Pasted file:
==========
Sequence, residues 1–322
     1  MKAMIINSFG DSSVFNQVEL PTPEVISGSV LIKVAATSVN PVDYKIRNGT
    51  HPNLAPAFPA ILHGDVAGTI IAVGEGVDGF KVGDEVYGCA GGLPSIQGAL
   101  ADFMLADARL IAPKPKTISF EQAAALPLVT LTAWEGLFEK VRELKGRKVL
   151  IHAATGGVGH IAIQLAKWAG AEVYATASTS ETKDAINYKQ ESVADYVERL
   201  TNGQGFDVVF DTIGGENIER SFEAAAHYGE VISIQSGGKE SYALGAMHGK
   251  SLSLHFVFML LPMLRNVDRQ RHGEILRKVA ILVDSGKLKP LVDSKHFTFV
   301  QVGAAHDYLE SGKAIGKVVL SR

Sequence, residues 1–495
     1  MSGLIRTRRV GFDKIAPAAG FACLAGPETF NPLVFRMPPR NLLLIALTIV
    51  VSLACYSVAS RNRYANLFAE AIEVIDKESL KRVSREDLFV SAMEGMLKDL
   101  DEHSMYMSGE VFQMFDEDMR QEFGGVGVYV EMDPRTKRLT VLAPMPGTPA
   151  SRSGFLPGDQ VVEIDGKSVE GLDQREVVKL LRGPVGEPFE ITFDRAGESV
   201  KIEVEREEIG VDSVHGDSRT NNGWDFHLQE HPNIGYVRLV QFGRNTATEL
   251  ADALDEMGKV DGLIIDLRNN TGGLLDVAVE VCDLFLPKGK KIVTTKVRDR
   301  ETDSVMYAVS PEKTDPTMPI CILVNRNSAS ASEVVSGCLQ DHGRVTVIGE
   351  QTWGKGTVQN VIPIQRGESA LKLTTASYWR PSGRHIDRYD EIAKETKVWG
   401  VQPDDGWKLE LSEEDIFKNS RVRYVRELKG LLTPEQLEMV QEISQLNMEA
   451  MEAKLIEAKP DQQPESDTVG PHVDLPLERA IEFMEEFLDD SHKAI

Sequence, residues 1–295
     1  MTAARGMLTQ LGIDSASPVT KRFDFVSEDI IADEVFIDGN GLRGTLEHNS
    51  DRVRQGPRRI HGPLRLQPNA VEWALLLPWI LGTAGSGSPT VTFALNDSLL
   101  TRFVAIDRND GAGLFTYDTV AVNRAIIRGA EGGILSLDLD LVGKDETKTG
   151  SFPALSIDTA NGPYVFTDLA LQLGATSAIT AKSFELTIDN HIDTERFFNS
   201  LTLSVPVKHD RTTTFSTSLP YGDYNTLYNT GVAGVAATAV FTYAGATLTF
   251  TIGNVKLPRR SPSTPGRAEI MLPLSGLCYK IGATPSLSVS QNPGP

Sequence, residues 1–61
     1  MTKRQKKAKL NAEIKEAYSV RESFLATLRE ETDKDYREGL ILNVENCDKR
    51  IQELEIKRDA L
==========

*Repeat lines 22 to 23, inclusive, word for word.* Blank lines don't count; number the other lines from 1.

    51  DRVRQGPRRI HGPLRLQPNA VEWALLLPWI LGTAGSGSPT VTFALNDSLL
   101  TRFVAIDRND GAGLFTYDTV AVNRAIIRGA EGGILSLDLD LVGKDETKTG